In pursuit of Dune | Envisioning the Future of Sand



When you think of sand, you most likely think of deserts with their big sand dunes, kilometers of beaches and riverbanks or even the bottom of the ocean. Although it might seem different, sand is actually in a short supply. Here is why and what to do with that.


To receive the Luxiders Newsletter, sign up here.


Did you know that sand is everywhere? Often overlooked and taken for granted, it is one of the most essential resources on our planet. From concrete, which is the single most used material in the world, to glass that we all have in our houses, sand plays a crucial role in countless aspects of our daily lives. Second only to water, sand is the most used natural resource on the planet. According to the United Nations Environment Programme (UNEP), nearly 50 billion tonnes of sand that is extracted per year would be enough to build a nine-storey wall around the planet.

Think of the building you are living in, the road outside your house, your phone screen and even toothpaste. They are all made of sand, which we are running out of. 



Sand is defined as having grains in size about 0,05-2mm. It can consist of different kinds of rocks, minerals and organic matter. Sand is formed by the weathering of mountains and eroding of rocks. When rocks are small enough, they make their way to the ocean by traveling down streams and rivers. Natural sand takes thousands and even millions of years to form. As a matter of fact, we extract it faster than it can be naturally restored. 

But given that one-third of all the land on Earth is a desert, you’d think that getting sand and making sure that it is enough for years to come wouldn’t be a problem. However, the world’s tallest skyscraper, the Burj Khalifa in Dubai, was built with sand from Australia. So, why do countries with deserts import sand? The reason for this lies in the type of sand that is used in the construction. Different weathering processes make sand all around not the same. Sand in the desert is weathered by wind, which makes its grains very rounded, whereas sand worn by water has more jagged edges. Hence, desert sand is too smooth for most concrete because the grains don’t bond properly. Instead people mine sand from riverbeds, coastlines and the sea floor because the water-worn sand is rougher and the jagged edges of its grains connect with each other like puzzle pieces. 



The 2022 report from UNEP, Sand and Sustainability: 10 Strategic Recommendations to Avert a Crisis, notes that sand extraction is rising about 6 per cent annually, a rate it called unsustainable. A skyrocketed demand for sand is usually connected with the rapid urbanization that is taking place around the world. People are building more and more, especially in countries with emerging economies. It’s been estimated that over a half of the world's cement is produced in China. India has become the second biggest cement producer. And Singapore has built artificial islands over the last half century.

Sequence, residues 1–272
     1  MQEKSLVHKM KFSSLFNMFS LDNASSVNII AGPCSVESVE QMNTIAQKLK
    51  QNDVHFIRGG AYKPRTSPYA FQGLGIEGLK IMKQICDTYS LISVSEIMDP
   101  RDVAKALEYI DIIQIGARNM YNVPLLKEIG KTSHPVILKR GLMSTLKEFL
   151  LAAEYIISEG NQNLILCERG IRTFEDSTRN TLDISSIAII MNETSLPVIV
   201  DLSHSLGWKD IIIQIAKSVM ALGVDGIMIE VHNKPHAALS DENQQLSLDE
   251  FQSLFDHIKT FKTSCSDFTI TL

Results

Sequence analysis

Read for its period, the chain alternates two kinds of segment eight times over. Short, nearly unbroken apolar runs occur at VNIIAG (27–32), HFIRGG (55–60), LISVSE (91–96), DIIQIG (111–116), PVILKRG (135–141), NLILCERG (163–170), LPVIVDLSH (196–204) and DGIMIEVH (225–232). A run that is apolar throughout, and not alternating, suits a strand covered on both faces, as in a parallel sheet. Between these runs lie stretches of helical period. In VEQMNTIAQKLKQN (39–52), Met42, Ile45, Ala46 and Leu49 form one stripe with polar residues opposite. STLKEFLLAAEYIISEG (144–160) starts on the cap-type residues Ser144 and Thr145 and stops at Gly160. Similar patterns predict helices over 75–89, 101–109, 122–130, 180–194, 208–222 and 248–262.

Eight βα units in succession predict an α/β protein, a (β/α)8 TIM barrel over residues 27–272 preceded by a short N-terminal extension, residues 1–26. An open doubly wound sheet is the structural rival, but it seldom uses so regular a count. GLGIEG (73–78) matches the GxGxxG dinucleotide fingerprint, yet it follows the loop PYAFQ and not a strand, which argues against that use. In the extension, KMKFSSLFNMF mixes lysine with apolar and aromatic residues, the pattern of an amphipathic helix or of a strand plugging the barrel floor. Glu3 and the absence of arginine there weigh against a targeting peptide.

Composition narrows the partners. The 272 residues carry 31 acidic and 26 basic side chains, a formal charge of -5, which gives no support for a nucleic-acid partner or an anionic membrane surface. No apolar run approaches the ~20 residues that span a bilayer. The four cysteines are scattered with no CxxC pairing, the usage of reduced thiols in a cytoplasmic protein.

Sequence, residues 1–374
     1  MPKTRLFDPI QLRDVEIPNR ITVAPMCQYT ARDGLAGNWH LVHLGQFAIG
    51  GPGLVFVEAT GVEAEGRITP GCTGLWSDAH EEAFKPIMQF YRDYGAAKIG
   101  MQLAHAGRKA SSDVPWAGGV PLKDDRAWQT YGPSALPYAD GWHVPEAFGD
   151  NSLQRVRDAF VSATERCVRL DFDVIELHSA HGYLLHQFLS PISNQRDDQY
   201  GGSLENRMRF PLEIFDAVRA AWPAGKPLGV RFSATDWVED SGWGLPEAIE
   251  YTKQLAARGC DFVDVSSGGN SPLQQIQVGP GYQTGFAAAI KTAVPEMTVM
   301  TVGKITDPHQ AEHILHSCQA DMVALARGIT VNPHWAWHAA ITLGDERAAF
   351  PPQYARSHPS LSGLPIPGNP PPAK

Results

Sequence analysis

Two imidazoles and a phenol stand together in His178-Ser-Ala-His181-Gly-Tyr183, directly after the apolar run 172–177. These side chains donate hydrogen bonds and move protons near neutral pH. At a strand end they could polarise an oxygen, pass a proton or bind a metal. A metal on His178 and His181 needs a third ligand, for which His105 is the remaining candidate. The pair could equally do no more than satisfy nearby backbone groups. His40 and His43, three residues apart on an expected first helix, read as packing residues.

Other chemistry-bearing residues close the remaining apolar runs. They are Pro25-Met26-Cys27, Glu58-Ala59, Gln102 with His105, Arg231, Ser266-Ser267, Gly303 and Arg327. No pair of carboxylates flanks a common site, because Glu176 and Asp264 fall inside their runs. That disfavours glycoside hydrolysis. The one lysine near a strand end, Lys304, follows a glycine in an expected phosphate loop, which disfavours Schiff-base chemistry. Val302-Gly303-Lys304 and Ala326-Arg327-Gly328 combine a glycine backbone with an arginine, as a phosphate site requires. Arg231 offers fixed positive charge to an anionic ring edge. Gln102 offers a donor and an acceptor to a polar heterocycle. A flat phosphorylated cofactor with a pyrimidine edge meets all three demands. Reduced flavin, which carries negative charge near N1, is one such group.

Our enormous need for sand has caused some serious environmental issues. Sand mining from river systems causes their banks to erode and increases the risk of floods and pollutants of river basins. Approximately half a million people living along the Mekong River will need to be moved from collapsing riverbanks because of sand mining. In many countries, riverbed mining has been terminated due to its destructive consequences. As inland sand mining becomes limited, a greater demand on marine and coastal sand appears. However, dredging marine sand also destroys this ecosystem, killing marine organisms, demolishing coral reefs and affecting water circulation.

Since sand mining is so harmful for the natural habitat, some governments impose bans. However, the sand mining industry is, generally, badly regulated. The persisting demand for sand leads to violation of human rights and organized crime in some parts of the world. So called “sand mafias” operate all over the world exporting illegally mined sand. In her book Sand Stories: Surprising truths about the global sand crisis and the quest for sustainable solutions, Kiran Pereira cites a report from an environmental group that counted 193 people who died through illegal sand mining in India.



One of the obvious steps to prevent the global sand crisis is cutting down the amount of concrete we use. This could include using more efficient concrete mixes with less cement or replacing it altogether with alternatives like timber or rammed earth.

The aforementioned UNEP report, Sand and Sustainability: 10 Strategic Recommendations to Avert a Crisis, proposed some solutions to the sand mining problem. One of the main is the creation of legal frameworks for sand extraction to regulate the industry and enforce rules to stop the illegal sand trade. The experts also emphasize a need to develop a circular economy, accurately map and monitor sand resources, and restore ecosystems damaged by sand mining.

The report identified recycling construction material from demolition sites and developing the potential of ore-sand, a by-product of mineral processing, as two important ways to reduce the consumption of sand. When the building is demolished, the waste can be crushed and mixed into cement. Germany sets a good example by recycling nearly 90% of its construction waste.

Finding and certifying sustainable sources of sand is one more step that we can make to mitigate sand extraction impact. Some researchers propose that Greenland could become a large exporter of sand if it collected the sediment from melting glaciers. Glaciers are filled with sand, and, since Greenland’s ice melts due to the climate change, it unearths and dumps a lot of potentially usable sand into the sea. As this sand is shaped by water, it can be suitable for construction.


Highlight Image: © Keith Hardy via Unsplash

+ Words:
Kseniia Gavrilova
Luxiders Magazine